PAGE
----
This article was originally published by Radio Free Asia and is reprinted with permission.
The ruling Chinese Communist Party (CCP) is “co-opting” foreign nationals via friendship associations to expand its overseas influence in Europe, amid growing concerns over Beijing’s intensive lobbying and propaganda campaigns far beyond its borders, according to a recent report.
An Aug. 4 report published by the Washington-based think-tank, the Center for Strategic and Budgetary Assessments (CSBA), said Beijing uses foreign nationals in a number of ways to promote its views in the corridors of power overseas.
“This study finds that the coopted foreigners, who enjoy influence, convening power, and connections, serve the CCP’s aims in several ways, subtle and otherwise,” the report said.
Such people “parrot the party’s talking points, deflect narratives harmful to Beijing’s image, host public events that showcase the party’s virtues, promote trade and investment, encourage technology transfers, and voice support for changes in European policies favorable to China,” it said, citing case studies of the EU-China Friendship Group, the ItalyChina Friendship Association, and the Czech-China Chamber of Collaboration.
While the organizations concerned have no obvious formal connection to the Chinese government, they are a part of the “united front” system through which the CCP maintains its grip on power at home and seeks to further its agenda abroad, the report said.
“United front work seeks to … coopt and neutralize its targets to obtain support or to reduce resistance to the CCP’s domestic and foreign goals,” it said.
According to the report, friendship groups are associations comprising political, business, and other elites within a defined foreign territory that seek to promote closer bilateral relations with China.
“This report contends that friendship associations are front organizations [that] rely on co-opted elites drawn from Europe’s political class and business community to lead and to fill their ranks,” it said, adding that the groups claim to be “homegrown organizations.”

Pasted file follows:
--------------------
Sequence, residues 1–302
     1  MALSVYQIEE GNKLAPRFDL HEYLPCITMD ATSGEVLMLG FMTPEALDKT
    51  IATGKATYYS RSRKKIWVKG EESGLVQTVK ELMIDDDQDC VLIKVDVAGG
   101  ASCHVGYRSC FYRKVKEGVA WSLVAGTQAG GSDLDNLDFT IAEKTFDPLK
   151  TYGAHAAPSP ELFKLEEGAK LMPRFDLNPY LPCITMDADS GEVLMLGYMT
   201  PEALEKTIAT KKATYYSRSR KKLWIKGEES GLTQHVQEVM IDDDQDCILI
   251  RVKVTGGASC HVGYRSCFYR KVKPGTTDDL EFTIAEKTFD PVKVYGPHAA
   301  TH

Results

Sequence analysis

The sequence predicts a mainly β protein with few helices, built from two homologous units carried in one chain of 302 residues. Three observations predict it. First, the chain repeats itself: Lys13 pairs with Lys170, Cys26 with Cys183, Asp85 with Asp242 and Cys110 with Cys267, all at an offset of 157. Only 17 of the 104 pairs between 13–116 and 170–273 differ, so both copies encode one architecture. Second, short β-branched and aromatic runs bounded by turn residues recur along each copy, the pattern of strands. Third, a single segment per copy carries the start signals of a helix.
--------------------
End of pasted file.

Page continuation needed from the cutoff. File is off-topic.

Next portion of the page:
The report, which called for greater cooperation across Europe to measure and research such groups, came after concerns were raised over “China Bridge,” an association set up earlier this year to promote “understanding” between China, Germany and the EU.
“We are very concerned that the network is not acting transparently,” Ulrich Delius, director of the Society for Threatened Peoples, wrote in a June 22 letter to Bärbel Kofler, the German Federal Government’s Human Rights Commissioner, according to the Handelsblatt newspaper.
Delius asks Kofler to encourage “well-known members of the network to be more transparent,” adding that a refusal to do so would draw criticism that they were connected to Beijing’s ruling party and security services, the paper said in a June 25 report.
One of China Bridge’s board members is vice-president of the German Bundestag.
Friedrich has denied any secret agenda, telling the Handelsblatt: “There are no secret actions, we have nothing to hide. Nevertheless, we are constantly suspected of doing something disreputable.”
He said the organization was intended as a way to “open up communication channels to the Chinese leadership … given that China is an essential factor shaping the global situation.”
German legal scholar Qian Yuejun told RFA that there is evidence linking the group to the CCP, however.
Friedrich was recently lauded as a “friend welcomed by the Chinese government” in an interview published by the CCP’s official newspaper, the People’s Daily.
He and other China Bridge members were also praised for their public cheerleading of China’s efforts in fighting the coronavirus.
“The CCP will pay any price to exert its influence on European and American society and politics,” Qian told RFA. “There are still politicians who are inextricably linked with the CCP regime, and once there are vested interests, many people give the CCP a platform.”
He said claims that China Bridge had received no funding from the Chinese government were dubious.
“There is a difference between direct and indirect money, and there are many ways to fund something indirectly,” Qian said. “It is not easy to use Western concepts to understand how the CCP invests money in these political circles.”
He said CCP support can often take the form of traded favors to individuals in unrelated areas, making it hard to track.
Andreas Fulda, a sociologist who teaches at the University of Nottingham in the United Kingdom, said there is no evidence that China Bridge and organizations like it have any connections with civil society in the countries in which they operate, and remain mute on controversial topics like China’s human rights abuses in Tibet, Xinjiang and Hong Kong.
“The CCP doesn’t want to see such exchanges,” Fulda said. “Those in charge at China Bridge say they are neutral and they just want to establish partnerships, but this is impossible.”
He said any level of cooperation with China involves cooperating with the ruling party in some way.
“The moment they claimed to be neutral, they [made it clear that they have] chosen the Chinese Communist Party,” he said.